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A Comparison of Two Sticklebacks
Troy Day, John Pritchard and Dolph Schluter
Vol. 48, No. 5 (Oct., 1994), pp. 1723-1734
Published by: Society for the Study of Evolution
Stable URL: http://www.jstor.org/stable/2410260
Page Count: 12
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We present results of an experiment designed to address fundamental issues in the ecology and evolution of plastic trophic morphology: (1) Is observed plasticity adaptive? (2) How much interspecific morphological variation is the result of plasticity? (3) Have different selective regimes resulted in the evolution of different degrees of plasticity? (4) Is genetic variation for phenotypic plasticity present in contemporary populations? We raised fish from two recently diverged species of freshwater threespine sticklebacks on two different diets representative of the natural prey of the two species. Both species exhibited morphological plasticity in an adaptive direction: each species more closely resembled the other when raised on the latter's diet. Dietreversal reduced the natural morphological gap between these two species, -1% to 58%, depending on the trait. One species is known to have a more variable diet in the wild than the other species, and we found that it also exhibited the greater amount of morphological plasticity. Given that the two species have recently diverged, this result is compelling evidence that diet variability is important in the evolution of plastic trophic morphology. Finally, by using a full-sib experimental design, we demonstrated that genetic variation for morphological plasticity exists in contemporary populations, thus confirming that plasticity has evolutionary potential.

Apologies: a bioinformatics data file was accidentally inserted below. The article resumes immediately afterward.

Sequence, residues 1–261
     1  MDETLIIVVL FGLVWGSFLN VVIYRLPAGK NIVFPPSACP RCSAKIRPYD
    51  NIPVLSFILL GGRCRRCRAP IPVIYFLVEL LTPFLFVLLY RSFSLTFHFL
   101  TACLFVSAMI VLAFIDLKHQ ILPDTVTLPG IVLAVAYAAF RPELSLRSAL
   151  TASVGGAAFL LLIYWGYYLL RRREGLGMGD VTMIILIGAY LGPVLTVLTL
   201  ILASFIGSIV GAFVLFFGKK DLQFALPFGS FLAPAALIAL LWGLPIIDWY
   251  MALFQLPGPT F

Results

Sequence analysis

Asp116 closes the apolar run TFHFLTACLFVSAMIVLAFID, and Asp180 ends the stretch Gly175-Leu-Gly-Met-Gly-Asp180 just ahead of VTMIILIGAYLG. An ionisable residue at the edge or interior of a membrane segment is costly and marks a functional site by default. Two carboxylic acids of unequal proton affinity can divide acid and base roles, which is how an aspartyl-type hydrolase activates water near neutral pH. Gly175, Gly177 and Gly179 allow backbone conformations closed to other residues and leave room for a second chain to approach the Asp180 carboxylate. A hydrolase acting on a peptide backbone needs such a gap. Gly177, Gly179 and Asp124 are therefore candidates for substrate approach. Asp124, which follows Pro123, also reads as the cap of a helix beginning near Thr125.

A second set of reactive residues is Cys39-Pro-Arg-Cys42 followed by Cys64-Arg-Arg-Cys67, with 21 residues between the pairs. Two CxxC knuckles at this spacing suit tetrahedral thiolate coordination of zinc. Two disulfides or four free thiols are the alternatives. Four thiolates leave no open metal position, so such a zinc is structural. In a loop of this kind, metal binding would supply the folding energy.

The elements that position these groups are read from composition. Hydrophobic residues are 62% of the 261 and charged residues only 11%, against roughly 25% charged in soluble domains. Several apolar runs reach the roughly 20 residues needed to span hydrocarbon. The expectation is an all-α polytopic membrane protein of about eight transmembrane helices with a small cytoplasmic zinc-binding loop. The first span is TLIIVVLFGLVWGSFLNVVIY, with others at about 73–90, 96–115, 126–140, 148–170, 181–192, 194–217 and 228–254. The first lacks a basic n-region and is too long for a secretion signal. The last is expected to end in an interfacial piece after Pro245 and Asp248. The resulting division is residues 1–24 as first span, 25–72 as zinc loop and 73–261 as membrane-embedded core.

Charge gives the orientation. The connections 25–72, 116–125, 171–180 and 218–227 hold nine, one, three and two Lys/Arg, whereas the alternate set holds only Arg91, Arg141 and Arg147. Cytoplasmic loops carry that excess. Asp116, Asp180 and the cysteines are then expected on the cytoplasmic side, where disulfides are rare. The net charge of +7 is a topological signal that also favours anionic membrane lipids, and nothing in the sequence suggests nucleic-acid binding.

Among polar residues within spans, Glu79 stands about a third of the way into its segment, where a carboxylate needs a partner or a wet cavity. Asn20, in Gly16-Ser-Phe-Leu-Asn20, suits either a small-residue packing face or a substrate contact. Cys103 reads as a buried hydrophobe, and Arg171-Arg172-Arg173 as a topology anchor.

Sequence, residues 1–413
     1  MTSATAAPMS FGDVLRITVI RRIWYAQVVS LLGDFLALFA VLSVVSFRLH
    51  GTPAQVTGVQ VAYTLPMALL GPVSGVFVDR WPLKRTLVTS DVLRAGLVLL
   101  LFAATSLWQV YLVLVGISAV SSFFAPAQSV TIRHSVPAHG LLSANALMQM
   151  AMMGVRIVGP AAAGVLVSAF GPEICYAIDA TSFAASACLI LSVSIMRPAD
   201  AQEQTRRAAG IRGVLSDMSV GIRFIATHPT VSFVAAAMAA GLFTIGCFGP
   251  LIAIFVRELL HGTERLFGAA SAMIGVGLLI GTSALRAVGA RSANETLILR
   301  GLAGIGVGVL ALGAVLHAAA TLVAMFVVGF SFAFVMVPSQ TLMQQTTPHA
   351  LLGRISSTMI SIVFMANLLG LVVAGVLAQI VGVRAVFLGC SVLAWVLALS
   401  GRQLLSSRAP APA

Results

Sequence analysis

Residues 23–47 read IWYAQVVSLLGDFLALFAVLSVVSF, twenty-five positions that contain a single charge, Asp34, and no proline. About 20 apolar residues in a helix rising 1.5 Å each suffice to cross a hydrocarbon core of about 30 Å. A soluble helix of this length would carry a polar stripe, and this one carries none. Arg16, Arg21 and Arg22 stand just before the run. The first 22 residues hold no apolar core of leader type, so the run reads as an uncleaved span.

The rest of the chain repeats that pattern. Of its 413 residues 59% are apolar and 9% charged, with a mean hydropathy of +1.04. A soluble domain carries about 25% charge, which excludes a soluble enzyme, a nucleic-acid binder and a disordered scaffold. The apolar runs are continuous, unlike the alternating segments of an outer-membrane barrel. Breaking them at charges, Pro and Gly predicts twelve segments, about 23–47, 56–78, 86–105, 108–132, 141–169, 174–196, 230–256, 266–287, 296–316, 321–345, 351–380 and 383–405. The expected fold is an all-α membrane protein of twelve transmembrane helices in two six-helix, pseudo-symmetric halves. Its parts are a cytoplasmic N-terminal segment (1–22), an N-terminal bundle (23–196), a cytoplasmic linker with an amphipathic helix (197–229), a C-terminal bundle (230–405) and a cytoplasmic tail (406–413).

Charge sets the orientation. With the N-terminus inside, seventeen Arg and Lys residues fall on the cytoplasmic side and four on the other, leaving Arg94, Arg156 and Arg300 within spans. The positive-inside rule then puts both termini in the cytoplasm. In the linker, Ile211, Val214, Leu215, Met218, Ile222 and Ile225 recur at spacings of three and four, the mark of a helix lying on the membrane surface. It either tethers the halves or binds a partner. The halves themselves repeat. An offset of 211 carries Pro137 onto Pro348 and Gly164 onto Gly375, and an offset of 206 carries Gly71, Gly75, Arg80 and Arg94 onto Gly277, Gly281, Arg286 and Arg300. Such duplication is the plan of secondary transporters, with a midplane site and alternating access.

Evolution © 1994 Society for the Study of Evolution